One of a host of restlessly inventive, ambitious young musicians who emerged from Brooklyn during the latter years of the 2000s, DM Stith hasn’t quite garnered the same levels of acclaim as better known contemporaries like Vampire Weekend, MGMT or Grizzly Bear. That’s probably partly because he’s hardly the most prolific of artists; he waited until he was almost 30 before getting around to releasing his first album, 2009’s Heavy Ghost, while still juggling music with a parallel career as a graphic designer.
Stith’s debut was worth the wait, however. A meticulously arranged collection of carefully layered, claustrophobic and sometimes challenging songs, it combined slivers of sublime melody with uneasy skittering beats, lush orchestration and choral harmonies. Although a sense lingered that its whole was less than the sum of its parts, it was nevertheless a confident, intriguing introduction that received very favourable reviews.
Since then, not a lot seems to have happened. To be fair to Stith, he has spent a lot of time on the road (with Sufjan Stevens, among others) and collaborating with his friend John-Mark Lapham, formerly of UK/US quartet The Earlies, under the band name The Revival Hour, including releasing an album – Scorpio Little Devil’ – in 2013. But a follow up to Heavy Ghost has remained elusive. Until now.
In between his other commitments mentioned above, Stith was quietly stockpiling several albums’ worth of new songs and following recording sessions with producer Ben Hillier, who includes Blur, Depeche Mode and The Maccabees on his long CV, he has re-emerged with Pigeonheart. It’s clear immediately that he has lost none of his creativity or idiosyncratic compositional style during the intervening years since Heavy Ghost. In fact, it feels very much like the next stage in the journey, with a similar approach counterbalanced by some subtle shifts in sound and mood.
With its eerie organ and hushed vocal, opening track Human Torch would fit very comfortably on Heavy Ghost but Stith’s next offering Sawtooth is a different kettle of fish entirely. Far more electronic in texture than anything on his debut, its cascades of pulsating synthesisers give Stith’s music an additional energy rarely seen before. Summer Madness varies the tempo again, with its gentle, twinkling guitar and percussion sharing Vampire Weekend’s nod to the African timbre of Paul Simon’s Graceland.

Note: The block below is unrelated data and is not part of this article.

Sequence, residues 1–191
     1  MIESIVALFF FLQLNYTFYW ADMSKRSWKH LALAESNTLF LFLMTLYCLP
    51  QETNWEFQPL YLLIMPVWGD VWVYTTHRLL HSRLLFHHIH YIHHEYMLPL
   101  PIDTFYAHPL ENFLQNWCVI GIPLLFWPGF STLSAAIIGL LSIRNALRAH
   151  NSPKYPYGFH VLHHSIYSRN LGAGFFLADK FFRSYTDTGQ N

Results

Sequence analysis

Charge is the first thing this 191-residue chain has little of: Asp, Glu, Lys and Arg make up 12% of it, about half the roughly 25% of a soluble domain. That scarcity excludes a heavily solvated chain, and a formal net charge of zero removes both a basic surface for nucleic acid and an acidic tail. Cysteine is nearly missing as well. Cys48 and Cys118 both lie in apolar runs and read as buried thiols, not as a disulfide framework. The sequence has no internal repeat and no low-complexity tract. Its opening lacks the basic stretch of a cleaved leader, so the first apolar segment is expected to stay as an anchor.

As Pigeonheart unfolds, Stith’s preference for electronics over the classical instruments of his debut continues. Up To The Letters starts off like the acoustic Sufjan Stevens of Seven Swans before morphing into a bizarre, warped sci-fi Western soundtrack, while the spacey electro of My Impatience ebbs and flows beautifully before fading out in waves of reverb.
Overall though, Stith’s second album retains the frustrations of his debut. The songs feel fragmented, with lots of memorable moments – a gorgeous chord change here, an inspired juxtaposition of sonic ingredients there – but very rarely are they memorable as complete compositions. Listening to Pigeonheart is like trying to piece together a dream after waking; elements of magical clarity that struggle to coalesce into a cohesive whole. That Stith is a considerable talent is beyond question. But two albums in, whether he will ultimately fulfil it is less clear.